Salt + Smoke shakes up the St. Louis restaurant scene

Photo+Courtesy+of+Flickr
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Salt + Smoke shakes up the St. Louis restaurant scene

Photo Courtesy of Flickr

Photo Courtesy of Flickr

Photo Courtesy of Flickr

Photo Courtesy of Flickr

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Recently, I went restaurant-spelunking in downtown St. Louis, and found that I had been missing out on the best cut of brisket in this city. Growing up in the diverse Creve Coeur/Ladue area, I always thought the best food places were only a short drive away. Most notably, I’ve always been a fan of Sugarfire, a popular local BBQ shop. Stocked with glorious cuts of beef, pork, and other delicious STL fare, I was completely content–until I visited Salt + Smoke in the Delmar Loop. So what makes Sugarfire fall short to its new competition?

1. Variety. Salt + Smoke’s menu is stunning me its sheer number of options. Haley Riley, the head chef, has designed a way for everybody to get what they want. Just like Sugarfire, Salt + Smoke traverses beyond basic Barbecue, as they incorporate fish into their menu. However, they take it a step further with fun twists to traditional dishes. I mean, what self-respecting BBQ restaurant serves deviled eggs, hush puppies with maple butter, fried jalapeño with cheddar bologna or fried chicken skin with honey grain mustard? By the way, the chicken skin was the best food item I’ve ordered in recent times, with the mustard adding that much more zest to a crispy appetizer. I’d also recommend the green bean and tomato salad. I was thankful for its acidity, which helped cut down on the fatty ribs I was demolishing.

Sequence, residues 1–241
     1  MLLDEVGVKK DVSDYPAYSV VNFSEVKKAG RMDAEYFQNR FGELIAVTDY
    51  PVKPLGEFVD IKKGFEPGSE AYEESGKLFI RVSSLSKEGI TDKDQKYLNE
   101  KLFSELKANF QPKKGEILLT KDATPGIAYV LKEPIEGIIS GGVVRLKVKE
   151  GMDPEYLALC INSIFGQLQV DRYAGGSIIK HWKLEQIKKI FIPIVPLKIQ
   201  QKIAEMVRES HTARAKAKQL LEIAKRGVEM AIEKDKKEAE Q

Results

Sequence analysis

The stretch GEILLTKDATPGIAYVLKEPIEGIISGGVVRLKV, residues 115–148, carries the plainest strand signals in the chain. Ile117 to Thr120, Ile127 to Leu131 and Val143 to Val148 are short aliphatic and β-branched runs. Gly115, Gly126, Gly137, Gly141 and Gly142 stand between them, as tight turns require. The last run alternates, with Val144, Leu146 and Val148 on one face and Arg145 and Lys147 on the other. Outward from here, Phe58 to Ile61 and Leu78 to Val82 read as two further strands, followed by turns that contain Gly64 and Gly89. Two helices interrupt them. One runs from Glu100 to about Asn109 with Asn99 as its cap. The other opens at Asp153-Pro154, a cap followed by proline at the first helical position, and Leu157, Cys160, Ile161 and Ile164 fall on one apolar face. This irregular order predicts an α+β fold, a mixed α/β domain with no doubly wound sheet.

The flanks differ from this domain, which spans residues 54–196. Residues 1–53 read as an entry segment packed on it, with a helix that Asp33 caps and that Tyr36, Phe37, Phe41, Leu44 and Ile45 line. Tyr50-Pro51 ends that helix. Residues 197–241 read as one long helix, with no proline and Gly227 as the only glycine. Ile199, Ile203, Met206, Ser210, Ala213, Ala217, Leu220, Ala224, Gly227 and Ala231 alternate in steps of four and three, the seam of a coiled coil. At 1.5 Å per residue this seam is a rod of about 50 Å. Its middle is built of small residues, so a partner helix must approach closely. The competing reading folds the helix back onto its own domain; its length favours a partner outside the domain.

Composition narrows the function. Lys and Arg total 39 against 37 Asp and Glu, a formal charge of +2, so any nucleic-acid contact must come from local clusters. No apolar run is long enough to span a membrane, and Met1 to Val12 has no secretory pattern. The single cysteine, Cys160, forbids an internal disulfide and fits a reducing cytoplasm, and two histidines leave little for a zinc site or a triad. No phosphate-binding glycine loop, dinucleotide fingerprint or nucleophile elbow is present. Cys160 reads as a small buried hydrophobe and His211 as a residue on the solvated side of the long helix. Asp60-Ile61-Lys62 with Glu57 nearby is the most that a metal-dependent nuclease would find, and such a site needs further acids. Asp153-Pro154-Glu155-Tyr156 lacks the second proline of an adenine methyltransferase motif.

2. Portion sizes. When it comes to portion size, the difference between sugar fire and Salt + Smoke is immense. With the same amount of money, I could fill myself two times over at Salt + Smoke, whereas Sugarfire would only satisfy the stomach once. I left Delmar Loop that day feeling like I had just snatched an amazing deal. Did I also mention that Salt + Smoke has waiters that serve you, unlike Sugarfire?

3. Quality. I’ll be honest, I found nothing too drastically different between the two establishments in this category. Both briskets came out with a bright red layer under the skin – a characteristic of long hours spent in the smoker. Both shops fried their potatoes with animal fat, which delivered an incredibly savory flavor to their wedges and french fries. Overall, these two places have great tasting stuff.

Of course, Sugarfire’s convenient location means that I’ll still visit it frequently–especially those moments where I’m starving and require BBQ sustenance immediately. But now that I know of Salt + Smoke, I’ll be setting aside some extra time every month for a trip downtown.